diseases,) his own servants conspired against him for the 

blood of the sons of Jehoiada the priest, and slew him on 

his bed, and he died : and they buried him in the city of 

David, but they buried him not in the sepulchres of the 

kings. 26. And these are they that conspired against him ; 

Zabad the son of Shimeath an Ammonitess, and Jehozabad 

the son of Shimrith a Moabitess. 27. Now concerning his 

„ 7 Marg. uttered 

sons, and the greatness of the burdens ' laid upon him, and against him. 

His justice. The name ' Zechariah,' curiously enough, means ' The Lord 
remembers. ' 

' After ages declared that the blood of Zechariah continually bubbled 
up from the part of the pavement on which he fell. When the Baby- 
lonian general, Nebuzaradan, after the capture of Jerusalem, entered the 
Temple court, he was struck by the phenomenon, and inquired into the 
cause. The Temple servants strove to persuade him that the blood was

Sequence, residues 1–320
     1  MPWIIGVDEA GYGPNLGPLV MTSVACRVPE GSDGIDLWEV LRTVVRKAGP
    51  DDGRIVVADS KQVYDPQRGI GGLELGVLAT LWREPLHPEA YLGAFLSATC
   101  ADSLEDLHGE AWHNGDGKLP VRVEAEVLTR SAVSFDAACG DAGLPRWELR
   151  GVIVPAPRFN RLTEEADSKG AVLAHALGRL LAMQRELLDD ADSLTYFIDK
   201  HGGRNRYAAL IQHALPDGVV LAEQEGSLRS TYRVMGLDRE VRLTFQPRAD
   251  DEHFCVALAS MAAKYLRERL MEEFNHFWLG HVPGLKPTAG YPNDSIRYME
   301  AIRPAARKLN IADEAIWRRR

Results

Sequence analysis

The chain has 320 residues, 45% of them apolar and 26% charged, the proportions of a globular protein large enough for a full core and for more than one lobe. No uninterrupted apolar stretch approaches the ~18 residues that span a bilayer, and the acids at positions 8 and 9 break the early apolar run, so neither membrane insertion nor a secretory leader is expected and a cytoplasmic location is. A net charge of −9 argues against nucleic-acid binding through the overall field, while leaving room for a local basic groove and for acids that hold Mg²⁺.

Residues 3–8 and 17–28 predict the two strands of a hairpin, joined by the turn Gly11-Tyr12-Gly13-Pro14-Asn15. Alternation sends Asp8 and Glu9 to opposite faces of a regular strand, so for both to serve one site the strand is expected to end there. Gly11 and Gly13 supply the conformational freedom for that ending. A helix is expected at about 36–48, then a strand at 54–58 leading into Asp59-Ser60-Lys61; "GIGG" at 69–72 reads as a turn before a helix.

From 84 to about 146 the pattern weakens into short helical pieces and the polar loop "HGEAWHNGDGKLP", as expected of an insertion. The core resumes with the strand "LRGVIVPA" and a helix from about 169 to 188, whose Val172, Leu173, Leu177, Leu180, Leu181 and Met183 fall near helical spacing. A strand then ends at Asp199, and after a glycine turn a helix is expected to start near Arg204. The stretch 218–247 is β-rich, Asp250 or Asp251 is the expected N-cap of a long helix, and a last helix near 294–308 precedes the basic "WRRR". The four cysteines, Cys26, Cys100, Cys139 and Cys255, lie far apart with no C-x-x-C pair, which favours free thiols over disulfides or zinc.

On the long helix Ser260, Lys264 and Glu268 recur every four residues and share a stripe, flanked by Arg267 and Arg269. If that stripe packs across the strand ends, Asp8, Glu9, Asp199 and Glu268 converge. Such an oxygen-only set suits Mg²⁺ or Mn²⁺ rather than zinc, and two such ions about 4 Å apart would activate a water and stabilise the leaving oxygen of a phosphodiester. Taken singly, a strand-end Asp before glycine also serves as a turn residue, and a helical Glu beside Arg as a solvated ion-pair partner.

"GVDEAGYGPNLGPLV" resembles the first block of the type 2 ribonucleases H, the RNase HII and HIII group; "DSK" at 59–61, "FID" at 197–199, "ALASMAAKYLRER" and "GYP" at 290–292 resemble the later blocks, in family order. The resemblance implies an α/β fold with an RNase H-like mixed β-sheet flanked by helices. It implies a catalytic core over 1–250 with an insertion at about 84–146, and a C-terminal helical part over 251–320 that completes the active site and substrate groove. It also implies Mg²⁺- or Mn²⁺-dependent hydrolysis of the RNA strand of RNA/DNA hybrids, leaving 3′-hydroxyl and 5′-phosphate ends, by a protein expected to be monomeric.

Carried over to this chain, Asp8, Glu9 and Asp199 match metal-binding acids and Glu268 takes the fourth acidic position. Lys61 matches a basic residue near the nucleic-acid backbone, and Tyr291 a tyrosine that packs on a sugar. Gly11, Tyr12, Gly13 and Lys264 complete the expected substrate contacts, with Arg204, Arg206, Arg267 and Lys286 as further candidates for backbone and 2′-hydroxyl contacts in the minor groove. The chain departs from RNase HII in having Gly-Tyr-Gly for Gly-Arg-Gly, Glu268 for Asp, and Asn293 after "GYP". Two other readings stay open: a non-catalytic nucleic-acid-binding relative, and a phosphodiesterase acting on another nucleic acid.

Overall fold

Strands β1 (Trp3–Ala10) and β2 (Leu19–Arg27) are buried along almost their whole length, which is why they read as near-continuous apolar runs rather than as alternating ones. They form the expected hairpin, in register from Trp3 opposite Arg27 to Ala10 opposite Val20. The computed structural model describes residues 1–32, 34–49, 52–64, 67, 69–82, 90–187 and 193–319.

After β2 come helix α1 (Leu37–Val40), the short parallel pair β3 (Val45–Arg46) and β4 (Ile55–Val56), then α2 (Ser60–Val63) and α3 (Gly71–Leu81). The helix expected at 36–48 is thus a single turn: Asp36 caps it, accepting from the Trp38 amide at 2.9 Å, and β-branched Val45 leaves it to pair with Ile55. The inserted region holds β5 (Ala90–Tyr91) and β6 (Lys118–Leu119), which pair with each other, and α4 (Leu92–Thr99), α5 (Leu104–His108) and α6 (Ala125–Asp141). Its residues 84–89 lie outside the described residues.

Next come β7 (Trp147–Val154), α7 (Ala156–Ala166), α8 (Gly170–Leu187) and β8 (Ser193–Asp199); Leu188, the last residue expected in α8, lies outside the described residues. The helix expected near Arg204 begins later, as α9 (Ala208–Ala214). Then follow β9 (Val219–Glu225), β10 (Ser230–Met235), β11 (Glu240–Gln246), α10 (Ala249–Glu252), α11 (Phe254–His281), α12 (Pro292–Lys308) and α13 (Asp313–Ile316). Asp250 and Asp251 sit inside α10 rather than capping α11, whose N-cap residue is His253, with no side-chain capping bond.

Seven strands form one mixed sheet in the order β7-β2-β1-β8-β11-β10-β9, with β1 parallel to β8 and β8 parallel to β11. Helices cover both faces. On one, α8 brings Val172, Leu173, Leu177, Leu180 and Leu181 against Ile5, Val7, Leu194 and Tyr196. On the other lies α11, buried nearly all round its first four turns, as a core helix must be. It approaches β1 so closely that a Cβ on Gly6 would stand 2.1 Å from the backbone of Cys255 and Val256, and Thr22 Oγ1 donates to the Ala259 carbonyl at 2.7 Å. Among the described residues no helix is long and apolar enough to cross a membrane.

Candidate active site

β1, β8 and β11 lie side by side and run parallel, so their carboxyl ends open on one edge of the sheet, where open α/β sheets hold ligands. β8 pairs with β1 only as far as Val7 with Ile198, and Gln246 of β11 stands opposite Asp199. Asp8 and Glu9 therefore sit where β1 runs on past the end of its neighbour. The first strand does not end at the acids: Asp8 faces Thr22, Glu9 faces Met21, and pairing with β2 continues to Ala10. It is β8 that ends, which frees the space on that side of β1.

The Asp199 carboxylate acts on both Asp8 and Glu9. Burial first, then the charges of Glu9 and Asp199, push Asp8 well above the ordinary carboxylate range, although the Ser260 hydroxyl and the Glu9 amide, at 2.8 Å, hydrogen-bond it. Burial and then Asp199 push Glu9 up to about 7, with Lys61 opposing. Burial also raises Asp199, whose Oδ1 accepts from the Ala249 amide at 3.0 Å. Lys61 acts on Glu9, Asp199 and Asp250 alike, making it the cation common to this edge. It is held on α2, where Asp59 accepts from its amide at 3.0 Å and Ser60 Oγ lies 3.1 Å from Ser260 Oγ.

that of victims recently offered : but when he confuted them by himself 
slaying sacrificial animals, whose blood did not bubble, they confessed 
the truth. The blood was that of a prophet, priest, and judge, %yho had 
foretold all the calamities which Jerusalem had just suffered at his hands 
and at those of Nebuchadnezzar, and who for his plain-speaking had 
been done to death by his own countrymen upon the spot. On hearing 
this, the Babylonian'^ general, bent on propitiating the martyr, slew on 
the place, by thousands, all the rab])is, the school-children, and the 
young priests on Avhom he could lay his hands — Init still the blood bubbled 
on. Then he cried, "0 Zechariali, Zechariah, thou hast destroyed the